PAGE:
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This held true for the Medicare recipients even when their mammograms produced false positive results.
"It's encouraging that women for whom services are received through Medicare are not showing significant signs of any negative influence from mammography," said study researcher Dr. Stella Kang.
"If anything, the experience of breast cancer screening is potentially encouraging, as it appears to increase awareness of other preventive services," Kang added.
She's an assistant professor of radiology and population health at NYU School of Medicine in New York City.
For the study, the researchers compared the use of preventive testing among more than 185,000 women who had mammograms between 2010 and 2014 and a control group of women who weren't screened for breast cancer. They investigated the likelihood that women would also get a Pap smear, bone density test or a flu shot within two years of having a mammogram.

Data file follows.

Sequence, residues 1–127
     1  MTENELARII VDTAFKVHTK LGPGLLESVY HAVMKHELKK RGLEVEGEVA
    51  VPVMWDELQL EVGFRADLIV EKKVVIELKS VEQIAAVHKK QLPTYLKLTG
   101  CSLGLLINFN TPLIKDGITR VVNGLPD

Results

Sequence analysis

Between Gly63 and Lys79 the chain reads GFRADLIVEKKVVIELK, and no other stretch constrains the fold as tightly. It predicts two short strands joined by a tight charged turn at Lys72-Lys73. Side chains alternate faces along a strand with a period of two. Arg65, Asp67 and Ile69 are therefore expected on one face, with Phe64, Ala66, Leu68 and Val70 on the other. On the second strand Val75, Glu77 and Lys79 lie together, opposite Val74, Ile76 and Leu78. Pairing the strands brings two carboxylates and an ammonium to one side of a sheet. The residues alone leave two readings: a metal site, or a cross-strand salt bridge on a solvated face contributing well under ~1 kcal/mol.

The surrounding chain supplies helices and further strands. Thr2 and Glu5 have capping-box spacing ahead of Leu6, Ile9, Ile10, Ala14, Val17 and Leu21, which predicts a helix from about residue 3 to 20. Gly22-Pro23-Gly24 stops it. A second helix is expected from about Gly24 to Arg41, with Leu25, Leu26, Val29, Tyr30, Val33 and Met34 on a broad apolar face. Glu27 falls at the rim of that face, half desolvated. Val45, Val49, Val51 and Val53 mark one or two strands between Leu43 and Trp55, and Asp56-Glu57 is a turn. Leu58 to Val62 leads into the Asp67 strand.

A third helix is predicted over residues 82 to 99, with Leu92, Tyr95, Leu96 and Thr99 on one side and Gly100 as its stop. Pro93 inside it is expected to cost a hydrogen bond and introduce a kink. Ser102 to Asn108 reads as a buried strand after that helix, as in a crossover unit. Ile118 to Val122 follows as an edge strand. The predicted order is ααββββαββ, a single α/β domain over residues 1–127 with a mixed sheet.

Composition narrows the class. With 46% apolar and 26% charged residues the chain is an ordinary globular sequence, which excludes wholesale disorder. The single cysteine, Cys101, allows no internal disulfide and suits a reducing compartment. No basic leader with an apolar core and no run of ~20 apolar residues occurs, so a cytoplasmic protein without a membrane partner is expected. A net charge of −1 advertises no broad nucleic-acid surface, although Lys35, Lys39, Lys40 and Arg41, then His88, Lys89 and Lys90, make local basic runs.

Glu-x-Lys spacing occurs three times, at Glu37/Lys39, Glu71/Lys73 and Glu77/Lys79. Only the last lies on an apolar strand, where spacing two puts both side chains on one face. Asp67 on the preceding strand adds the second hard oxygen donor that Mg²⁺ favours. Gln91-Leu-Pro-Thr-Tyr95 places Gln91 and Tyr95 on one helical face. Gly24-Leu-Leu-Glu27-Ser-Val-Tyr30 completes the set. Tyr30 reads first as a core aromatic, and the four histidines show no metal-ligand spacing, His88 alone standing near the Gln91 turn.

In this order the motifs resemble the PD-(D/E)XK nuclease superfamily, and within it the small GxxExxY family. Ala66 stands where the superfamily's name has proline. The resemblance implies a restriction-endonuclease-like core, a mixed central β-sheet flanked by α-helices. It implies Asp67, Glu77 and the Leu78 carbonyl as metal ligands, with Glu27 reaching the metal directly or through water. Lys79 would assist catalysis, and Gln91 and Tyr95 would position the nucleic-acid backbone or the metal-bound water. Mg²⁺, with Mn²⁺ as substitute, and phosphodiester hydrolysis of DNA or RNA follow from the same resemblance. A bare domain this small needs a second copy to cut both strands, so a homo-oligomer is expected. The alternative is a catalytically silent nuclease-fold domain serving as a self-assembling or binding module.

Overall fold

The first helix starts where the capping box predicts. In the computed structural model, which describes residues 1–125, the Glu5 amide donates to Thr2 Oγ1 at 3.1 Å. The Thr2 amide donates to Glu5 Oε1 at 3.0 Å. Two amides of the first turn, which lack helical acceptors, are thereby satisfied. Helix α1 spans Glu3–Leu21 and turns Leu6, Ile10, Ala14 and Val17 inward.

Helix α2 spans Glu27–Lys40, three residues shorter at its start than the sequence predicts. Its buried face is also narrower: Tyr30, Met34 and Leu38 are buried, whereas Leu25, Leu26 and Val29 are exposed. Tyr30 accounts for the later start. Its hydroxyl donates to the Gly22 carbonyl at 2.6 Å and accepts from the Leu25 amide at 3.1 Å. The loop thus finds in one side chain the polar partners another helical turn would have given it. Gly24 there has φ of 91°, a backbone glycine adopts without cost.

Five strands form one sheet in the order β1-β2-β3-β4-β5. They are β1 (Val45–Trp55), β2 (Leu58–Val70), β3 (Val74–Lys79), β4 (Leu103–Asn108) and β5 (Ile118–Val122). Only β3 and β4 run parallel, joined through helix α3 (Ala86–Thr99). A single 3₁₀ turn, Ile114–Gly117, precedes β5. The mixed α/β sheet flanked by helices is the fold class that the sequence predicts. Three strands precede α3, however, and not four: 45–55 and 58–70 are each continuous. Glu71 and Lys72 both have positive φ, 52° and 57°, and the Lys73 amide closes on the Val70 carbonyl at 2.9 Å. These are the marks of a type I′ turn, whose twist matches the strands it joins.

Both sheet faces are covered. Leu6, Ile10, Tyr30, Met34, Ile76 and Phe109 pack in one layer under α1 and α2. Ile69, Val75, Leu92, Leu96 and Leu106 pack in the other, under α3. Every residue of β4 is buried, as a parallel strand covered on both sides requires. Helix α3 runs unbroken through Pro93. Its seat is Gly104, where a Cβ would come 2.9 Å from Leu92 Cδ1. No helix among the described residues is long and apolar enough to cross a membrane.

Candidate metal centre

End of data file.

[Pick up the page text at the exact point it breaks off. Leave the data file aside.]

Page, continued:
"There were two overarching ideas to this study," Kang said. "First, we wanted to examine the potential for a patient's experience with one screening to influence appointments with other preventive services. Second, we wanted to see how the potential harms from false positive findings might influence preventive service use."
The study found that women who had a mammogram were much more likely to take these preventive health measures than those who hadn't had a mammogram.
"Our theory is that when patients are counseled about mammography screening, this represents an opportunity for the physician to bring up other preventive services and the health benefits of these services for women in their age group," Kang said in a journal news release. "So, a patient's interest in breast cancer services specifically could raise awareness in preventive services overall."
The study was published online June 5 in the journal Radiology.
-- Mary Elizabeth Dallas
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